One of the many fascinating aspects of the lives of solitary bees is that males will often come together, right now, over me…No, wait, that can’t be right. That would be the Beatles. Male solitary bees, however, frequently gather in “sleeping aggregations” where they spend the night, or rest during inclement weather.
Over the last few weeks I have been fortunate enough to witness a few of these low-key bachelor parties here in Tucson, Arizona. My walk home from work in the evening would reveal longhorned bees of the tribe Eucerini (family Apidae) bedding down atop desert marigolds. There were generally at least two per flower, sometimes several, and occasionally one lone maverick. Only male longhorned bees have the long antennae that give this tribe its common name. Females have much shorter feelers.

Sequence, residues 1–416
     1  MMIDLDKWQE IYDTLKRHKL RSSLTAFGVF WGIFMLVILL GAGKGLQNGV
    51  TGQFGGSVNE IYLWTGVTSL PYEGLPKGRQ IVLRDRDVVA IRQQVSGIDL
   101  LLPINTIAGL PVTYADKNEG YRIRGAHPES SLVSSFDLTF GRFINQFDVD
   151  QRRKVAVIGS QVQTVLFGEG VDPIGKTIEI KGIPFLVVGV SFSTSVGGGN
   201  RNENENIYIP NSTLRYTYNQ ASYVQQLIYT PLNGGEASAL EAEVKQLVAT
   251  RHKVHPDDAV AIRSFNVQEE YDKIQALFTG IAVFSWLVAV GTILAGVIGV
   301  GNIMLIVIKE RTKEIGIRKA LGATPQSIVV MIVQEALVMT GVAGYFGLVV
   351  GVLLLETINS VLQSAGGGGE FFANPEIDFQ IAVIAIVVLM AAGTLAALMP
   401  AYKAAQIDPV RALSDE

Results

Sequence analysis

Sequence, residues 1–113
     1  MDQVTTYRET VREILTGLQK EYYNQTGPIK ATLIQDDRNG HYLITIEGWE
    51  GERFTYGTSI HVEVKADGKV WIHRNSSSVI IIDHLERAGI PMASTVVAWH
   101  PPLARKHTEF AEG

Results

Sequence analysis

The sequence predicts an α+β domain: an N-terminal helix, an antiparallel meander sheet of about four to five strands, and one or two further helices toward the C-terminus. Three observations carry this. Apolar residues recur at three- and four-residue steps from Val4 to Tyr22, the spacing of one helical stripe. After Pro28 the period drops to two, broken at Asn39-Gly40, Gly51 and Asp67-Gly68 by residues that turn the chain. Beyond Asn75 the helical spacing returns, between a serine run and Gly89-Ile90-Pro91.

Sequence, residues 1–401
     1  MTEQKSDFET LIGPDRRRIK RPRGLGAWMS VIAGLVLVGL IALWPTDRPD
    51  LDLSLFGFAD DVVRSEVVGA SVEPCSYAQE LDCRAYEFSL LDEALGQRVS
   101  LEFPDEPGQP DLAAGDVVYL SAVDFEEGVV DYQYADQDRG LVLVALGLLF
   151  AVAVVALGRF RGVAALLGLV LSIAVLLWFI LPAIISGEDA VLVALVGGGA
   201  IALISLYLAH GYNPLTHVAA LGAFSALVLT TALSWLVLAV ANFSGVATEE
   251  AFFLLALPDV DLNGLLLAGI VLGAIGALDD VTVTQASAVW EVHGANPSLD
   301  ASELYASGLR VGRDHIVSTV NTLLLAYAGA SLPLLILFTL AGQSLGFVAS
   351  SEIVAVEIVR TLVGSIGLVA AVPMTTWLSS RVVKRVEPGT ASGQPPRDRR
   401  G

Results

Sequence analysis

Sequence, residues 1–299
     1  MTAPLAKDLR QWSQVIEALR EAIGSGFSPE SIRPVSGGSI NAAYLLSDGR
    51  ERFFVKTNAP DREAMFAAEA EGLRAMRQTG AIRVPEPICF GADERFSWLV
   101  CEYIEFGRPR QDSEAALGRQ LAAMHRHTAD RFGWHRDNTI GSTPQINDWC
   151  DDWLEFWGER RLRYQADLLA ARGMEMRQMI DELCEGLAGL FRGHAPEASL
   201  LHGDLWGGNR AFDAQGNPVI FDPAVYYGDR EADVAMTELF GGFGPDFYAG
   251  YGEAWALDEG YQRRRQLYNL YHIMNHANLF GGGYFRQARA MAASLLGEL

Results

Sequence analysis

You would think that being so exposed, the stingless males would be highly vulnerable to nocturnal predators, but this does not appear to be the case. Indeed, I often found them just beginning to stir the next morning.
A different kind of perch, and sleeping posture, is adopted by male cuckoo bees, Xeromelecta californica. Here, three individuals are clinging to twigs on a mesquite sapling. They are gripping the plant with only their jaws. That cannot be comfortable. I originally noticed only one member of this trio, in restless flight, seeking a better “bunk” to land on. They were also taking after the geriatric set, retiring early, at about four in the afternoon. One ultimately re-settled on the tip of a thorn.
These social gatherings are very modest in size. I am hoping to capture images of much more spectacular events later in the year. Stay tuned for entries on sleeping wasps as well. For more on this and other odd bee-haviors, check out the Urban Bee Gardens website.